It’s the week after. Busy weeks lay behind, Directions EMEA was this week in Madrid and two weeks before we had Directions US in Orlando, Florida. A lot of sessions and workshops have been delivered. Together with the Cloud Ready Software team we delivered about 20 sessions on each conference.
If you have to present a lot of sessions yourself, it is of course hard to attend others. I was able to attend a few interesting sessions, sometimes partly. Unfortunately I had to skip others. That makes it hard to get a complete overview of what’s new in the upcoming version, but I think I managed to get the most eye catching parts of it.
It is however not my intention to come up with a list of new features for Dynamics NAV 2018 and Dynamics 365 “Tenerife”. Waldo already came up with a list, and so did Saurav Dhyani and you should of course look at the official Dynamics 365 Roadmap. James Crowter shares his opinion on Dynamics 365 SMB plans here. And Tobias Fenster explains why he likes Dynamics 365 / NAV here.
One message came out very clear: Dynamics 365 “Tenerife” (“Tenerife” is a code-name) will be available in the cloud and on-premise. Microsoft is not cloud only, but they are cloud-first.
For Dynamics 365, Microsoft hosts and manages their own software. Hence, they face the same challenges as partners and customers do: how to set up a platform with a minimum of costs, lightning fast performance, easy maintanance and minimum downtime for upgrades.
And that pays off in a number of platform improvements like:
- Faster server performance, short tasks will not be blocked by long running tasks
- Extensions tables are now companion tables instead
- Shared database schema
- Instant upgrades
These are just some of the many improvements in the next version of Dynamics NAV. All of this results in a platform that has never been in better shape.
Another slide made clear that the cloud version will contain full NAV functionality and will have the same code base as on-premise.
Now, this has some consequences that I would like to put my finger on.
First of all you must understand that having the same code base doesn’t necessarily mean you have the same product. Microsoft thinks about this in terms like ‘same code base, different experiences’. What does this exactly mean? Well, it means that the product knows if it runs as a Dynamics 365 application or not and is able to adapt to that. On the Dynamics 365 platform it will give the users a different experience compared to the on-premise version.
An example of that is the notification that pops up on the Role Center. Compare these two screens:
The screen above is the standard Dynamics NAV Role Center. The screen below is exactly the same installation, but now put into Dynamics 365 mode (SaaS mode).
It’s just a simple example, and only a notification. What I want to point out is that a lot of code, (system) tables and objects have been added to create the Dynamics 365 experience. Application Areas is such a feature that is intended for Dynamics 365 only. It can be set via the Experience tab on the Company Information page, but it is hidden for non-SaaS installations. However, it affects almost any Page object.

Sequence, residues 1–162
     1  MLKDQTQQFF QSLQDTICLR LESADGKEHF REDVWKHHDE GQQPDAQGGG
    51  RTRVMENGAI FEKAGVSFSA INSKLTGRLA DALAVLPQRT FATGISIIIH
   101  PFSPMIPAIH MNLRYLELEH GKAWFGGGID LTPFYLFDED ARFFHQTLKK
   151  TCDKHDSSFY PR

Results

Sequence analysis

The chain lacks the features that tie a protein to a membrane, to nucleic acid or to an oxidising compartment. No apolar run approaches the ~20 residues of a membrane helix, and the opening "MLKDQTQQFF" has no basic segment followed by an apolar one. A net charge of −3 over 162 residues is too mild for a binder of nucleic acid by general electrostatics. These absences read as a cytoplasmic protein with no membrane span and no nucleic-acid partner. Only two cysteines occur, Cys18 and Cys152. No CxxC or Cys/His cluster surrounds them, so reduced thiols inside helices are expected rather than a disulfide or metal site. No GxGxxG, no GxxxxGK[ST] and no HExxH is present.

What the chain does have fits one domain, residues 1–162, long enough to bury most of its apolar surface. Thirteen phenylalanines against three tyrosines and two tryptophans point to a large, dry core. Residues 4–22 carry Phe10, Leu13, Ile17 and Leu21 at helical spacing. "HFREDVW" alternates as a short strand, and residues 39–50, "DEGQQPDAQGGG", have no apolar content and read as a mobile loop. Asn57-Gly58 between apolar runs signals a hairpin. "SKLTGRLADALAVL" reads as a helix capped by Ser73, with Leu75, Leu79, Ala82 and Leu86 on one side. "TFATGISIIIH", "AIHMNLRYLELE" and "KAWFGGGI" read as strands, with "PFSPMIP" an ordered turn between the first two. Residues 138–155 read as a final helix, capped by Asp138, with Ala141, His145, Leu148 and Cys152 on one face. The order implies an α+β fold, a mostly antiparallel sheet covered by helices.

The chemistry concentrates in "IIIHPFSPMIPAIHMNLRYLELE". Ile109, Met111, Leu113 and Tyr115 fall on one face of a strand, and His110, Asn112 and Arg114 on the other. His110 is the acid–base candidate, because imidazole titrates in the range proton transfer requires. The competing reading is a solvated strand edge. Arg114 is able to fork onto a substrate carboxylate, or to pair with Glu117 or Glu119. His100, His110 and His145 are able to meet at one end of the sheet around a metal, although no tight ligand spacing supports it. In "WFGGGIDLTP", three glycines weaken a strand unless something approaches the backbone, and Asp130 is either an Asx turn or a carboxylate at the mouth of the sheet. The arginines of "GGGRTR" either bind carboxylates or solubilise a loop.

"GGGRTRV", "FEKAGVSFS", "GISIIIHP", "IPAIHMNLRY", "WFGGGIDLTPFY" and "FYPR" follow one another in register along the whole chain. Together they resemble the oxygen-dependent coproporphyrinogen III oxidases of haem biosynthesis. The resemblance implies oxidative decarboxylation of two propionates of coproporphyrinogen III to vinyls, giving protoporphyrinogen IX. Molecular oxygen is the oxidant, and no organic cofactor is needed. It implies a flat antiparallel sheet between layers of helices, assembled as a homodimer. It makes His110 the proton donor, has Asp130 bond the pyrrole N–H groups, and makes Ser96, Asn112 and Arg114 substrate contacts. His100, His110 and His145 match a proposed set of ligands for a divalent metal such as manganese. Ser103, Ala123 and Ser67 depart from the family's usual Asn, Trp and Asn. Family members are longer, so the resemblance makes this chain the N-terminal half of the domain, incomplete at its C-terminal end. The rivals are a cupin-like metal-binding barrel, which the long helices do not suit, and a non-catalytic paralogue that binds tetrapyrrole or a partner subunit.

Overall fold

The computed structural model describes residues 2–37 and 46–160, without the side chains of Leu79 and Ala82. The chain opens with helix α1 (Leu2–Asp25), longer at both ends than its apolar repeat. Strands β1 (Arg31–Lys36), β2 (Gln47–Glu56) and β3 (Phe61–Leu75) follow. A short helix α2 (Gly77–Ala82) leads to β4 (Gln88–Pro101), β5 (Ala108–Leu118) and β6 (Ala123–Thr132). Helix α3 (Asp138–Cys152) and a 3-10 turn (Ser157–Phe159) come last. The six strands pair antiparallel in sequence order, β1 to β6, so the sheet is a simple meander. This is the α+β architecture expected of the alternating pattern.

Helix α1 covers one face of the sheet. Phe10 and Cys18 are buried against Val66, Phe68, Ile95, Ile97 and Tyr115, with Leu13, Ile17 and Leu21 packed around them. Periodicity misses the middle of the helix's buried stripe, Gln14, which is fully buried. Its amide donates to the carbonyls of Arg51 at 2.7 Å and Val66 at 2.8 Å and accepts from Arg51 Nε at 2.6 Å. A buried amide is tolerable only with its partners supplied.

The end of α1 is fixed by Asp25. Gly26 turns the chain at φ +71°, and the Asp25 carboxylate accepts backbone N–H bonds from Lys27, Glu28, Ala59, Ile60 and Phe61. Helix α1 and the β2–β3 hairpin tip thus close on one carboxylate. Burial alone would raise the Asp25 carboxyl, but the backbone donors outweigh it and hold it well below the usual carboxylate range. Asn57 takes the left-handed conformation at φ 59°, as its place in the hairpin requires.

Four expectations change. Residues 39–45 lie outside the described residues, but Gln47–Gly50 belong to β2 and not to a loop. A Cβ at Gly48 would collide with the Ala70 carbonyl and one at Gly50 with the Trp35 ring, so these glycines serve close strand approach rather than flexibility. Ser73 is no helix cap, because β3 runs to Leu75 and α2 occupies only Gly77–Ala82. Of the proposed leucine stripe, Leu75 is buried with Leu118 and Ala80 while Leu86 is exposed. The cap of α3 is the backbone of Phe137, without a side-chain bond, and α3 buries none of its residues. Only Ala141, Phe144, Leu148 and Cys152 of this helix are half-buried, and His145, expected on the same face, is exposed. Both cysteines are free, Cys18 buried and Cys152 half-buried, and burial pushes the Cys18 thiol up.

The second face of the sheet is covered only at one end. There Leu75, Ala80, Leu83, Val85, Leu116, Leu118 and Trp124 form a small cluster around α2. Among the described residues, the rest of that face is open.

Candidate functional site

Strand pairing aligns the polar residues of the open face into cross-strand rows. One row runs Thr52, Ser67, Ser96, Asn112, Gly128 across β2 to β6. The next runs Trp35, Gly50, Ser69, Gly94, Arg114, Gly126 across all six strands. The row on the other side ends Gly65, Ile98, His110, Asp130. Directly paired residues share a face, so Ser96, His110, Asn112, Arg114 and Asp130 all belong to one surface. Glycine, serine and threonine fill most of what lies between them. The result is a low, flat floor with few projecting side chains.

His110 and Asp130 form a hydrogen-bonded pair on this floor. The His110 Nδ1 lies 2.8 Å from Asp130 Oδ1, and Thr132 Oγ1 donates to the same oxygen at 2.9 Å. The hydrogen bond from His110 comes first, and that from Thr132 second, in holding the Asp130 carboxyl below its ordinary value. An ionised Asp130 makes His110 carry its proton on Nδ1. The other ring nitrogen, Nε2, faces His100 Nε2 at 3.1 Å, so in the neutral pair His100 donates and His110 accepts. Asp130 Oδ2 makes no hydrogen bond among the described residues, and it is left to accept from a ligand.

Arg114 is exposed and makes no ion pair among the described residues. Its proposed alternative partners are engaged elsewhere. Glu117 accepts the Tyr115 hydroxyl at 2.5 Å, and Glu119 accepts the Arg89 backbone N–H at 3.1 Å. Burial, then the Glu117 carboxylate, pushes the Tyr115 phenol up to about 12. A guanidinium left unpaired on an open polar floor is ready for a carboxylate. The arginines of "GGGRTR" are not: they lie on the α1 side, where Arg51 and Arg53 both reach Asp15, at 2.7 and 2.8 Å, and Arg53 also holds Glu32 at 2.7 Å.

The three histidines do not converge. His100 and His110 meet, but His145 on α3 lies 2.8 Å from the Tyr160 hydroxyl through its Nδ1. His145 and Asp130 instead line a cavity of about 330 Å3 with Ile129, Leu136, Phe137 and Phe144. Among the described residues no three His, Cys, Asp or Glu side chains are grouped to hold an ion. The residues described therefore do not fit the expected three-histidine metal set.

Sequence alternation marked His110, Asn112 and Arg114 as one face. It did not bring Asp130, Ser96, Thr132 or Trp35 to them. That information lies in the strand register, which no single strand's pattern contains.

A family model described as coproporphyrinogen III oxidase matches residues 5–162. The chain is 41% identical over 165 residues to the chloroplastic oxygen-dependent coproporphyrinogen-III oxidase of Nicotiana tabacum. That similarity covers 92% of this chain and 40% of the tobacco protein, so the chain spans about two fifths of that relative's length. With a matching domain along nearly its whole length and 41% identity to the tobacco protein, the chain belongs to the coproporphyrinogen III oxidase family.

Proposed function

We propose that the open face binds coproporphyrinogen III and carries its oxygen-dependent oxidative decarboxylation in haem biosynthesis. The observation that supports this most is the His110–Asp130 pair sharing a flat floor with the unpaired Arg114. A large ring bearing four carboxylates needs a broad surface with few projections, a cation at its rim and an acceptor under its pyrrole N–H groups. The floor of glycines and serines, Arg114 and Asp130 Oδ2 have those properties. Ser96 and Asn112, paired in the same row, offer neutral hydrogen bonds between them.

Several years ago, it was quite normal for a Dynamics NAV developer or consultant to know the application inside out. The data model didn’t have many secrets, you felt at home in the code and knew exactly the flow of data and processes. But in the next version you will come across objects and code that you have never seen before. Without any documentation because it is not intended for on-premise use or for customizations.
Well, that’s definitely going to make it more complex to do customizations on Dynamics NAV 2018. In other words: simplifying the user experience makes the code more complex.
Dynamics NAV 2018 will support the deployment of Extensions v2 apps. So what I definitely recommend is to take the plunge and go with VS Code and Extensions v2. In that way you don’t have to customize the base objects. Upgrades will be easier and faster and you have the joy of a modern development environment.
Of course you will come across situations that you simply cannot solve with Extensions v2. But that shouldn’t stop you from moving forward and bring as much as possible to Extensions v2 and minimize the customization footprint in Dynamics NAV base objects.
Another point that I want to make is that Dynamics NAV 365 “Tenerife”is not alone. Take a moment to look at this picture:
A lot of different apps, services, platforms and what else are around Dynamics 365 “Tenerife”. It’s now enough to have knowledge of Dynamics 365 / NAV. To leverage the power of the whole Microsoft stack, we need to learn more about other Microsoft services and products. That will definitely push NAV geeks out of their comfort zone!
I’m not a prophet, but let me predict something: those who are able to adapt and embrace this ecosystem will be better off in the long run. I’m not saying that you can get away with Dynamics NAV only, but it will be harder and you will play a subordinate role. Or, to put it different, the whole Microsoft stack offers so many opportunities to empower the user and enricht the user experience, who would not want that? The user will definitely like it and the partner who is able to deliver it has a big advantage.
So far my take on the current status of Dynamics NAV 2018 / 365 “Tenerife”. Would like to see your comments, do you agree or totally disagree? Please let me know!